Experimenting in Academia: Indirect cost disruption?

Yesterday on Twitter I asked the following question and I wanted to follow up because it is an interesting topic.

Flip but serious: what is lean startup/incubator/hacker version of a university lab?

There is a lot of discussion about funding sources for science/biotechnology as pressure increases on some of the traditional pools of money. Yesterday David Shaywitz shared his thoughts on the challenges of smart young investigators and the challenging environment they face in getting grants dollars. He included David Grainger from Index Ventures and David’s response about resource allocation prompted my note about indirect costs.

The R01 grant from the National Institutes of Health (NIH) is a very common funding mechanism for investigators (generally university professors) to fund the research in their labs. Perhaps I should use a different phrase though as according to Sally Rockey, NIH Deputy Director for Extramural Research (see link for stats):

Application success rates, as I blogged about in December, declined in 2013 to a historic low.

When investigators write a grant application, they include the costs of the research and related items, known collectively as direct costs. Facilities and administrative costs (also known as indirect costs) are:

Costs that are incurred by a grantee for common or joint objectives and that, therefore, cannot be identified specifically with a particular project or program.


Investigators are told to consult their university for the indirect cost rate, which has been negotiated with the government already. So what are we looking at? Here is a blog post with indirect cost rates for 49 institutions that range from 52% to 76.5% (with links).

While I’m not suggesting that industry performance is stellar, the last few years have seen a significant shift for many companies to “capital efficient” models driven by private investors and the public markets. So my flip but serious question:

What is lean startup/incubator/hacker version of a university lab?


One comment on “Experimenting in Academia: Indirect cost disruption?

  1. BenK
    August 8, 2014 at 12:58 pm #

    It’s a really fascinating idea, how to have a lean laboratory. The problem is that value creation and value capture are inherently decoupled in the laboratory – this is the entire reason that they are funded through grants rather than the sale of, well, products, or even the license of IP.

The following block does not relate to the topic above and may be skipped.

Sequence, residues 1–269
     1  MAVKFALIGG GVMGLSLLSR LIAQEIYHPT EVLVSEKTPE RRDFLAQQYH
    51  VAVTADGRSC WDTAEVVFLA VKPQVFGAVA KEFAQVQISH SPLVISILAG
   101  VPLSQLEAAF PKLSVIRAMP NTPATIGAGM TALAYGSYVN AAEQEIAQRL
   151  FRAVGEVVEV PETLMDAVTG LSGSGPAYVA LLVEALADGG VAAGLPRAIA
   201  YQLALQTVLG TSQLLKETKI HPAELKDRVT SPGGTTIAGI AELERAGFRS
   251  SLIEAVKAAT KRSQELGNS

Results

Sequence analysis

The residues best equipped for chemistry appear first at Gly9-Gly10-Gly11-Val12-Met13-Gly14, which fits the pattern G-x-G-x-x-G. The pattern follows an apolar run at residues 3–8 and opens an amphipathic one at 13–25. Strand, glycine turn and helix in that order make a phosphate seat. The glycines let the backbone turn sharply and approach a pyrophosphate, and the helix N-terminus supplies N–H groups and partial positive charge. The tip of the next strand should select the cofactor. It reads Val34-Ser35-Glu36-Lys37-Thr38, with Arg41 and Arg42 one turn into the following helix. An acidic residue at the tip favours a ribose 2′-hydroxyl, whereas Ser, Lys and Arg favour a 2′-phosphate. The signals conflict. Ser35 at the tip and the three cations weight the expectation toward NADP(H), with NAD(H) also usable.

I should mention; if you can sell products you should quickly get out of academic labs and start a spin-off. If you can license IP, get venture capital or something like that. Tech transfer. Academic labs really are for things that are too far away from transition to be evaluated; and better yet, insights of such a general nature that they facilitate technology broadly but can never be usefully captured as a single product.

    For a typical EVM or lean model to work, one needs to assess cost and profit centers and minimize one while maximizing the other. That doesn’t work when there is no value capture – no profit centers. Or else you turn something into a profit center that really shouldn’t be the focus of your attention at all (publications, citation rates, and all the distortions in modern hypercompetitive institutions).

    Overhead is a big mess – there have long been complaints about how the institutions work – but simply getting rid of it doesn’t work. That just ends up splitting the ‘hot’ and trendy, well funded labs from the rest of the institution; risk sharing is necessary in academia to preserve the universe of competencies for when suddenly unpopular diseases/regions/whatever experience a breakthrough in interest – and to keep alive areas of inquiry.

    Lean startups have a burn rate… they produce by a date or the fail. This doesn’t really provide any continuity or depth of experience on the decade-century time scale.

    Incubators don’t really do risk sharing to unpopular areas either, though they do spread base costs over groups. They are more focused on flexibility. Academia is more about continuity. Perhaps there should be a responsive element to the academy, but having a floor is absolutely critical. One place where this concept exists is the government. There, it is sometimes critiqued as being wasteful, because the people populating the floor are not particularly productive (nor does it attract the best and brightest, often). But somehow, allowing the best and brightest student of [name a taxa, for example] to explore his passion on a living wage with the minimum required equipment, a part time secretary and a student, … and to provide 1/x of his students a job in the field, perhaps so that there are two junior, one senior, one emeritus faculty of X at all times (total, 1 new grad student every 2-3 years)? That should be a national target. Even when X is unpopular.

    Hackers require a day job. That’s the essence of that problem. You can’t turn all the university labs into hobbies.

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